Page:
Propolis Can Help Manage Gingivitis And Periodontal Disease
The resinous tree, branch and leaf raw materials of certain plants that bees collect to make the complex chemical composition of propolis. Hard and brittle when it’s cold, soft and sticky when it’s hot, it’s used to protect the health and integrity of the colony.
There are various types of propolis. It’s a substance with uses as old as honey; a harvested staple of the ancients – Egyptian, Persian, Roman – in the treatment of disease.
A viscous and phenolic blend of waxes, fatty acids and resins. A material where origin and age designate colour: anywhere from a green beige, to any one of many coffee variations.
It contains almost twenty components, each characterised by a biological activity.
The antibacterial activity of propolis is mostly through flavonoids, terpenoids and phenolic compounds – long recognised as antioxidants and bioactive agents, with health and prevention benefits.
In particular, 50-60% of propolis is composed of resins and balms. 30-40% is made of waxes and fatty acids. 5-10% is essential oils, and 5% pollen. About 5% consists of other substances including amino acids, micronutrients, and vitamins – most particularly thiamin, riboflavin, pyridoxine, vitamin C, and vitamin E – all proven useful in the maintenance of good gum health.
Propolis is the only substance with anti-inflammatory, antioxidant, antibacterial, antifungal, anti-ulcer, anticancer and immunomodulatory properties.
Therapeutically, propolis lozenges, toothpastes and mouthwashes have been used for tooth decay and periodontitis in dentistry.
With more than 700 species of microorganisms in the oral microbiome, any change in this environment allows pathogens to colonise, giving rise to inflammation and infection.
Several studies have shown that propolis extract can inhibit the growth of damaging bacteria to the same degree as some antibacterial drugs and antiseptics. It has also been found to be beneficial in reducing the accumulation of dental plaque, and its anticariogenic potential is a focus of research.
Propolis has significantly reduced cavities in rats by inhibiting the synthesis of glucans and decreasing the growth of the most prevalent oral pathogens, including Streptococcus mutans, Candida albicans, and Actinobacillus commitans.
When used as a direct coating, it has also been successfully used in the treatment of dental pulp regeneration.
All in all, propolis seems a pretty sweet deal.
In treating periodontal disease, propolis has verified anaesthetic, anti-inflammatory, antibacterial and healing properties.
When used as an irrigator or as continual release patches, some studies claim that propolis stimulates gingival immune response and tissue recovery. As an anti-inflammatory, it inhibits the synthesis of prostaglandins: a group of lipids the body makes at infection and tissue damaged sites. Hormone-like, they control healing processes like blood flow and homeostatic function.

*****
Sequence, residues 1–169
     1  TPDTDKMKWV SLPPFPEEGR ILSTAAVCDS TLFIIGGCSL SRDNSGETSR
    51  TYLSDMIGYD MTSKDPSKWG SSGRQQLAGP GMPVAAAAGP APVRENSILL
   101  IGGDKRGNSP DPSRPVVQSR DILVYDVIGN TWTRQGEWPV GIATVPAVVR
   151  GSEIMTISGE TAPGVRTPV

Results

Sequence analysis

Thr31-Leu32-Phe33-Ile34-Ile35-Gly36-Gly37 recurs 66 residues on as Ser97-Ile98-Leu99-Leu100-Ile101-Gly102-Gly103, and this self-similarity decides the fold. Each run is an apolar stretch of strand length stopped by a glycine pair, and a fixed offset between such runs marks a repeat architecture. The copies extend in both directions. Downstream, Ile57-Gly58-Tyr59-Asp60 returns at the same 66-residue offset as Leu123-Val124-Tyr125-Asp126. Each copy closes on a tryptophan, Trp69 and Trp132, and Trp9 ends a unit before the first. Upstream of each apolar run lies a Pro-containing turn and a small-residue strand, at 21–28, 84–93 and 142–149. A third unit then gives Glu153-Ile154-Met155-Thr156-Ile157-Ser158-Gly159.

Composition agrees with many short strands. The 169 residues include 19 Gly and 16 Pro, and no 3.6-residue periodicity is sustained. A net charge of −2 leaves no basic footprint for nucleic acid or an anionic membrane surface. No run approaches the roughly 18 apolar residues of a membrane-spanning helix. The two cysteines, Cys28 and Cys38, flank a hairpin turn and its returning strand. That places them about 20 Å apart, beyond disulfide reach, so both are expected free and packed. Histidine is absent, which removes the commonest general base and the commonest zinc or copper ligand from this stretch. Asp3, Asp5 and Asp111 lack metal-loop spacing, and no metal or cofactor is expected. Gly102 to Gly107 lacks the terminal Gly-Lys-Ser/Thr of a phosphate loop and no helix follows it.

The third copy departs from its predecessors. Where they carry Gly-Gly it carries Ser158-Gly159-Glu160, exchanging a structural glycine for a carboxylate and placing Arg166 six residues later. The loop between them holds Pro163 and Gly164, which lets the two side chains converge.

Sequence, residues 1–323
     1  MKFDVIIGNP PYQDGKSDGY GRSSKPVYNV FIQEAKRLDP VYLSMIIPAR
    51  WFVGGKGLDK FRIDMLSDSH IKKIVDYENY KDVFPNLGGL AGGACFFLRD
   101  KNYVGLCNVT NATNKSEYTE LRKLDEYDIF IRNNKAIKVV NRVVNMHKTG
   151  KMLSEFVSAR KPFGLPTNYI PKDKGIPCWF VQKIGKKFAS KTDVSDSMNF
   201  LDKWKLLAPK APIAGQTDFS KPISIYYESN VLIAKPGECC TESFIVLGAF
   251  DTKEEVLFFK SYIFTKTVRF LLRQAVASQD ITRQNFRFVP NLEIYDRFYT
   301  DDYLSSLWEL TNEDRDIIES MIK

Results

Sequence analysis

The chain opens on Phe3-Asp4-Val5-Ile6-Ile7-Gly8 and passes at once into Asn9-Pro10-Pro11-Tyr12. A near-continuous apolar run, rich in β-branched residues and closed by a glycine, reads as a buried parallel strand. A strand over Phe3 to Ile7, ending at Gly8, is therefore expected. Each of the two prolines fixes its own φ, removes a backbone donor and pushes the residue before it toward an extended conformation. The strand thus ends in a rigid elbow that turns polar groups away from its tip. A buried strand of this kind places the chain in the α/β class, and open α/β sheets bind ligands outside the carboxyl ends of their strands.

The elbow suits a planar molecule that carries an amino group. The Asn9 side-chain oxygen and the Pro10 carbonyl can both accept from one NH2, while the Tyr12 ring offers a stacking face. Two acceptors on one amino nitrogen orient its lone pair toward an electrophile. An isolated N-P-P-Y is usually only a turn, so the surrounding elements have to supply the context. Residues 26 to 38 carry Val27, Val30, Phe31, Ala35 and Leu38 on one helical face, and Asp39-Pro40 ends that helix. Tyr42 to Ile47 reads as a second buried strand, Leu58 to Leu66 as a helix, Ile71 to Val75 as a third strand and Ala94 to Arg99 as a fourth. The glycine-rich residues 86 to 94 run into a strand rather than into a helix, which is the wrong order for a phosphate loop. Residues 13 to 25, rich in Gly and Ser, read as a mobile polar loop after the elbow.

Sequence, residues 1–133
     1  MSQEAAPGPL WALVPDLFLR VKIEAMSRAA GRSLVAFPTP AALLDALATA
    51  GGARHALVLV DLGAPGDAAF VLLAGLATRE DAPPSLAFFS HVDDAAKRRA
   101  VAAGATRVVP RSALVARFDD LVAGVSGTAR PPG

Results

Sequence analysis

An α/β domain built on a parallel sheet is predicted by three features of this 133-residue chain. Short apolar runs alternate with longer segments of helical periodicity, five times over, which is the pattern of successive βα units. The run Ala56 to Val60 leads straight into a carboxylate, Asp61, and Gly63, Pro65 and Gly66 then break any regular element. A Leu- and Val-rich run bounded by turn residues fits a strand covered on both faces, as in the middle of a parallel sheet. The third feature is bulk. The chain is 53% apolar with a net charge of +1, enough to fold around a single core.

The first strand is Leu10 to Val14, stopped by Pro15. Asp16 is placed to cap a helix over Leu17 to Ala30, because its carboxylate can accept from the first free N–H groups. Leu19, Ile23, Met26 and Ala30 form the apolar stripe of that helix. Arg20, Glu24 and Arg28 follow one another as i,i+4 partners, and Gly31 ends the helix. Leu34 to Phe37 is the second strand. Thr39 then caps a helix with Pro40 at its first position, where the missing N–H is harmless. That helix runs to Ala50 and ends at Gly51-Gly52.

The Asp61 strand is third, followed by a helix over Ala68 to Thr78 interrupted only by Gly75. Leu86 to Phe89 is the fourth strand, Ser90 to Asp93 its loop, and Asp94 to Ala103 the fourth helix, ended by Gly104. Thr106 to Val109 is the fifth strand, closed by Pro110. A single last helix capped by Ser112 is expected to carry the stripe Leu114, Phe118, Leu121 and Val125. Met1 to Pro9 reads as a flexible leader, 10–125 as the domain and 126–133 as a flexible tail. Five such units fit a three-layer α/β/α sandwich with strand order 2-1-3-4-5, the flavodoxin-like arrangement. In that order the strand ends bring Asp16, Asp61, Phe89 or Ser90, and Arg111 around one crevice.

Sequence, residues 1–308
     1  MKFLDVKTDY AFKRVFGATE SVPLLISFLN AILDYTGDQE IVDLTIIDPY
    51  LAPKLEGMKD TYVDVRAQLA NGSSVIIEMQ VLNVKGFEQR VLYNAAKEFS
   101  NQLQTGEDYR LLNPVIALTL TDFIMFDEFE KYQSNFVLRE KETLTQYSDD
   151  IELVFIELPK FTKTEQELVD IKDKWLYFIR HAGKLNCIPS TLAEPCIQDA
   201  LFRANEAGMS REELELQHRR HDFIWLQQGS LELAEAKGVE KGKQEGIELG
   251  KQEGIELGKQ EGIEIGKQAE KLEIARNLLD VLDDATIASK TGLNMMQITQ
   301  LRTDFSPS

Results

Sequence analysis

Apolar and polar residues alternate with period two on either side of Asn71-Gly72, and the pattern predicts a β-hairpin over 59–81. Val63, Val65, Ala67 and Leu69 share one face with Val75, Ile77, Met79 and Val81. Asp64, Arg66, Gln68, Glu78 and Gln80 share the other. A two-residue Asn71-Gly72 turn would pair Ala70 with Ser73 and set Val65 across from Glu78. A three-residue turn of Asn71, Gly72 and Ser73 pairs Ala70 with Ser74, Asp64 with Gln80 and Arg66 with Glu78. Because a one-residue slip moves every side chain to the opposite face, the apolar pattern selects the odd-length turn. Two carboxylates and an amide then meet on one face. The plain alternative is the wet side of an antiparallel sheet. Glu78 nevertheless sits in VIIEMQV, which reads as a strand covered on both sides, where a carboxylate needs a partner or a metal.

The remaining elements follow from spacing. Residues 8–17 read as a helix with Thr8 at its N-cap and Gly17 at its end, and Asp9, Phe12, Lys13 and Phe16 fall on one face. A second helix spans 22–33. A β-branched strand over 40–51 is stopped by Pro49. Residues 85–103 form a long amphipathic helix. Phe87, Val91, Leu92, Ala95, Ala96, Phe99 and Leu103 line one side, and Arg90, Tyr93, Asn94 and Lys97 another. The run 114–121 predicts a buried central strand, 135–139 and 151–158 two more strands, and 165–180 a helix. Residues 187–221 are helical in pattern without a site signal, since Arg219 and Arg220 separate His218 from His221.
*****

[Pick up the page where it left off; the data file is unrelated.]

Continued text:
Chronic periodontitis affects almost 20% of the world adult population, amounting to about one billion people.
The most common treatment is the antiseptic Chlorhexidine but, in recent years, propolis has been studied and used in gels and toothpastes, and appears to offer even better results than Chlorhexidine.
The results indicate that propolis as a periodontal treatment is notably more effective than water-saline irrigation, placebo, and omega 3.
However, all research determines that further studies are needed in relation to dosage.
The challenge in routine use of propolis as an aid for improved dental health is the special care required in guaranteeing uniform chemical composition.
A variation in region and plant source is the difference in antimicrobial components; geographical location, harvesting season, and method of extraction are also important in standardising efficacy in a universal treatment for chronic periodontitis.
Organic Brazilian propolis has proven to contain one of the most excellent sources of bioactive compounds among those tested.
The constant and continuous use of synthetic antibacterials and antiseptics as part of the management of periodontal disease has created a resistance in pathogenic bacteria. Finding stable alternatives is now a priority.
Bee products have been intensely studied in health research. Honey, royal jelly, and even bee venom have shown promise in expanding treatment options for oral cavity infections and inflammation. Research continues to reveal the safe and therapeutic advantages of propolis gum disease treatment, identifiably reducing probing pocket depth and inflammation.
Propolis is a complex organic material. Its true structure and potential is yet to be fully understood in the prevention and treatment of one of the most common and damaging diseases in the world.
In the meantime, it is recognised as a beneficial adjunct to professional dental therapies for periodontitis. Available in sprays, toothpastes, mouthwashes and digestibles, propolis can be a useful inclusion in any daily dental hygiene habit.
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